What looks to be the genre’s best hope is Uncharted, set to release in October next year. Billed as a “prequel” to the popular action-adventure game, it will reveal the origins of the characters Nathan Drake and Victor “Sully” Sullivan while heading on the expected globe-trotting treasure hunt. Drake will be played by Tom Holland of Spiderman fame, while Sully will be played by Mark Whalberg, who was set to star as Drake when the project first went into development in 2010.
The film will be directed by Ruben Fleischer, who has proved his ability in the past with films like Zombieland and 30 Minutes or Less, however his more recent efforts, namely Venom and Zombieland: Double Tap, have been underwhelming. With the same producers behind the Uncharted film as were Venom, it’s a toss up as to whether the film’s quality will match that of its source material. With Art Marcum and Matt Holloway, the guys behind Iron Man penning the script, there is hope beyond the names put in front of us.
There’s also a Resident Evil reboot in the works. The survival horror video game spawned a six film franchise loosely based on the lore of the games. None of the films garnered much critical acclaim and made enough profit to justify its existence.
The reboot looks to take inspiration from the first game of the series and find its roots again. Johannes Roberts, the writer/director, says the film will be “super, super scary” and that:
“I really wanted to go back to the original first two games and re-create the terrifying visceral experience I had when I first played them whilst at the same time telling a grounded human story about a small dying American town that feels both relatable and relevant to today’s audiences.”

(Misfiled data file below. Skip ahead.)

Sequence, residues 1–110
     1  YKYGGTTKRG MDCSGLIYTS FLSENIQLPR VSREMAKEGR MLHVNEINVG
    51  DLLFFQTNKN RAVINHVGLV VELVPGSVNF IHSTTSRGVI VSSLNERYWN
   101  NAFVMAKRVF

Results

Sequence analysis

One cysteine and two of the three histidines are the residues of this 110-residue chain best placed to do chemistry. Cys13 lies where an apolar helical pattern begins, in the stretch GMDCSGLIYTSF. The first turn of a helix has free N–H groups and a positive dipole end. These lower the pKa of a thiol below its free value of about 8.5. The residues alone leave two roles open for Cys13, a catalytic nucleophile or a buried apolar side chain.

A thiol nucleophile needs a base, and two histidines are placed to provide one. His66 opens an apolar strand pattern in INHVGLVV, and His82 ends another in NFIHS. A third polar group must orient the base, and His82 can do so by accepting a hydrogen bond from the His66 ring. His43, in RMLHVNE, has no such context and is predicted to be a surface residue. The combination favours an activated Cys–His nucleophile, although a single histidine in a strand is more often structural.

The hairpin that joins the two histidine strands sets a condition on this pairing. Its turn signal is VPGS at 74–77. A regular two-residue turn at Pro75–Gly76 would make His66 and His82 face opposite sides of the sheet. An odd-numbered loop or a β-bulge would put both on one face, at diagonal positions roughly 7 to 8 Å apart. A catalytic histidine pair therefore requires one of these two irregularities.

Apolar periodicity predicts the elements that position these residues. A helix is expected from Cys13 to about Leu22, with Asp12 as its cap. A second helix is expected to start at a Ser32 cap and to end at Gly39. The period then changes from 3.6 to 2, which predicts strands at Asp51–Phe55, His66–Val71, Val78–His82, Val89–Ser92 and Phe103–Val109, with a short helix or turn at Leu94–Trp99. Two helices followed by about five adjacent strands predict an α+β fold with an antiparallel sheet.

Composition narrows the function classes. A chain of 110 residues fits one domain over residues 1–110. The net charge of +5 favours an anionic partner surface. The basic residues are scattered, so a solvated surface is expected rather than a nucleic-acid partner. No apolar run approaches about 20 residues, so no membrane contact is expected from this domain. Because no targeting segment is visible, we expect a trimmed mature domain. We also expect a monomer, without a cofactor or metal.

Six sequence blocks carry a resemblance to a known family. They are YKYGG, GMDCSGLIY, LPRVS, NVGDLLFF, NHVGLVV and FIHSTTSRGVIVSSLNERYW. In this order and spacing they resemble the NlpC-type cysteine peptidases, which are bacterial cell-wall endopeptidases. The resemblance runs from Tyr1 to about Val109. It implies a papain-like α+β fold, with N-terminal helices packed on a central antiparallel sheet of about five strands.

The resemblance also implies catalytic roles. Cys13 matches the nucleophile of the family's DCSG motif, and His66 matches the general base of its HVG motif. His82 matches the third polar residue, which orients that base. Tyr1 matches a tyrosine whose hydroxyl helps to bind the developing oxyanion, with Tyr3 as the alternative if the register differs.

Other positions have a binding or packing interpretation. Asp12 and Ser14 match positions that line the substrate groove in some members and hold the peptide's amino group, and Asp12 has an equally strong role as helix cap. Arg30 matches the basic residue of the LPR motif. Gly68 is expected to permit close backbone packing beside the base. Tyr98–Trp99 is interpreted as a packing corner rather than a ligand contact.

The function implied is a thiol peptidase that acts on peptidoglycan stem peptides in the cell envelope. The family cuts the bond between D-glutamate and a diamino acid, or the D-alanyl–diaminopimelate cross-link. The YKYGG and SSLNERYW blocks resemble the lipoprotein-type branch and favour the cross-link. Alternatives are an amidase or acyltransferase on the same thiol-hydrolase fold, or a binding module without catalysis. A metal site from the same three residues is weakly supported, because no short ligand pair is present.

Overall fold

The word “grounded” seems to be elusive from the canon of video game movies, so let that spark confidence in the faith you have in a faithful story surrounding the lore of one of horror’s most popular games. The film is shooting as we speak, and is set to release in 2021.
Other confirmed releases are Monster Hunter, Sonic the Hedgehog 2 and Minecraft, all slated for release in the next couple of years.
The next shot in the dark is a Mortal Kombat film that will serve as a fresh take, with James Wan as a producer and having shot entirely in South Australia, it will be the first video game film to release after this article in January of 2021. Fingers crossed it can live up to the rich lore the eleven-game franchise has built.
What video game movies have to offer is a succinct look at different worlds that go deeper than any two hours could. What is appealing about them is what is unappealing about them, and there is a right way to do it, it just hasn’t been found, or done, yet. They’ll never stop coming, so let’s hope the films around the corner do them justice.